10. Confidence. Of all the things I have learned (and let’s face it, this list barely scratches the surface), this is one of the best. Even in my thirties, before I had children I was a quiet little mouse. I may not be a roaring lion on the outside now, but I have the inner confidence to do (and say) things I would never have dared before. I have the confidence to not worry whether people think I’m still a quiet little mouse, because when it comes to my children I will be the fiercest lioness.
If you’re already a parent (and even if you’re not), I’m sure you will disagree with at least half the things on my list and have a better/longer/profounder list of your own. In fact I hope you do; I’m certainly not claiming to be any sort of authority, just sharing a bit of the wisdom(?) I’ve accumulated in the last decade. So maybe you’d share some of yours – what’s the best (or worst) thing you’ve learned from parenthood?
No, I’m not about to go all Julie Andrews on you, I’ve just been reading the WordPress weekly writing challenge which is all about your most meaningful possession. I don’t normally do writing challenges, daily posts, photo a day what-have-yous for the simple reasons that I’m a) lazy and b) stubborn, so not only would I not get round to a regular post (you may have noticed, ahem) but I would also probably rebel against being told what to post about in the first place. That said, for some reason this one started me thinking: do I have any meaningful possessions (apparently your beloved technology doesn’t count, boo), what are they and why do they mean something to me? The first object that sprang to mind was my old faithful sewing box.
So I know it’s not very exciting, certainly not at all sexy and you would be forgiven for rolling your eyes in the direction of this dowdy wooden leggy box, as Nick did when I first acquired it (along with comments like “you don’t really want to keep THAT, do you?”). But unfortunately for him, I do very much want to keep it, not least because it plays a starring role in one of my favourite childhood memories. The sewing box originally belonged to my Nana, whose house I stayed at regularly as a child in the school holidays. The house itself was a consistent feature throughout my childhood; the only house that was as I moved home before the age of 18 far too many times to count on my fingers. It was (and no doubt still is) a fairly spacious and light-filled semi-detached four bed in a quiet suburban road in Bristol, just the thought of which has the power to evoke a rush of nostalgia; even now I have the strongest memories of visits there.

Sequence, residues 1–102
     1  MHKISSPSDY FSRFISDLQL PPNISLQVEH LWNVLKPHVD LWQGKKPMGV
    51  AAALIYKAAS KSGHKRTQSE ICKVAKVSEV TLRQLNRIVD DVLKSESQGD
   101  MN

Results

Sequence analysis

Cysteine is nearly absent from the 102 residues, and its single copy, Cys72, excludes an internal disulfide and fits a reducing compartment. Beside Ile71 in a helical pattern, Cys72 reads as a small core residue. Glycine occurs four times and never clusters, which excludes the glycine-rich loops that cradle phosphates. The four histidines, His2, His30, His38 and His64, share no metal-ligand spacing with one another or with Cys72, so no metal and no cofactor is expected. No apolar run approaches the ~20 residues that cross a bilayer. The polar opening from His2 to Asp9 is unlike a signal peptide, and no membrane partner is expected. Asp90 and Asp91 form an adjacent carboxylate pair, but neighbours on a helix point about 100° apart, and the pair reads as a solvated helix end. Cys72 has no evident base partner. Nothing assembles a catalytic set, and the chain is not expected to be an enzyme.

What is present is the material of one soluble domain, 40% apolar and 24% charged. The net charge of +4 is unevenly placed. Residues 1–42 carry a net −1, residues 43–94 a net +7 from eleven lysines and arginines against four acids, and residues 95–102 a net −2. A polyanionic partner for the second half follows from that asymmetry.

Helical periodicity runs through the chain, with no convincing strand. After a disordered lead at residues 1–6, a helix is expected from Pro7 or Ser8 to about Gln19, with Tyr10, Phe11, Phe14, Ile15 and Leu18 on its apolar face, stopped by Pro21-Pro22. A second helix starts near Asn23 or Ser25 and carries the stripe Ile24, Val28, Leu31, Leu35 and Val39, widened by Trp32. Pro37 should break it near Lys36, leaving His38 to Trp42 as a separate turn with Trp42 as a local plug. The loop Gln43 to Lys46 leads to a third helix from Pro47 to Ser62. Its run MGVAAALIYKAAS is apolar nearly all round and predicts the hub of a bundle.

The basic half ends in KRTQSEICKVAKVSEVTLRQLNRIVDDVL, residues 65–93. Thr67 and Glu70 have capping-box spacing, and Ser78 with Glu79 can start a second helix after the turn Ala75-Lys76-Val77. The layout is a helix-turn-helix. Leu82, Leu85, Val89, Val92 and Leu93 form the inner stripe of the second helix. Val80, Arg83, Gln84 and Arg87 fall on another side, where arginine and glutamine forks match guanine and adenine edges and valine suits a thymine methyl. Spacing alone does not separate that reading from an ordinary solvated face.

In one of the smaller bedrooms lived her sewing box, which to me was a virtual treasure trove. It contained rows and rows of multi-coloured elastic, bias binding and threads. There were mysterious boxes full of needles, pins and other accoutrements that rattled when shaken. There was, rather excitingly to the young me, a bag full of different coloured ribbon, which Nana would sometimes let us wear in our hair tied at the end of plaits or atop bunches. Best of all, the thing I would always ask to play with, was her button stash. She had boxes and tins full of them, roughly sorted by size and for the smaller ones, colour. My favourites were the more interestingly shaped ones, the oversized nubbly oddities. With my child’s imagination, these took on individual personalities and I would spend hours creating stories for them or just searching through to see how many multiples of the same button I could find. I was lucky enough to inherit this collection too, although the poor sewing box is now too stuffed with my many bits and bobs to hold them.
My Nana was an accomplished seamstress, as were many women of her generation, and she had kept some dresses she made for my mother as a child, which I remember trying on with my sister when we were quite small. She also made us a rag doll each, one of which still survives at my stepdad’s house, that my own children now play with when we visit. It may well have been these that sparked my own interest in sewing; as a teenager, inspired by her industry, I made a pair of dolls from the same pattern which my girls also play with now (and have rather distressingly christened Rosie and Jim).
Sadly, the reason I now own the sewing box is because neither my Nana or my mother are around to use it any more, but I think of them both whenever I see it, which brings back many more happy memories than sad ones. Maybe one day it will even do the same for my grandchildren.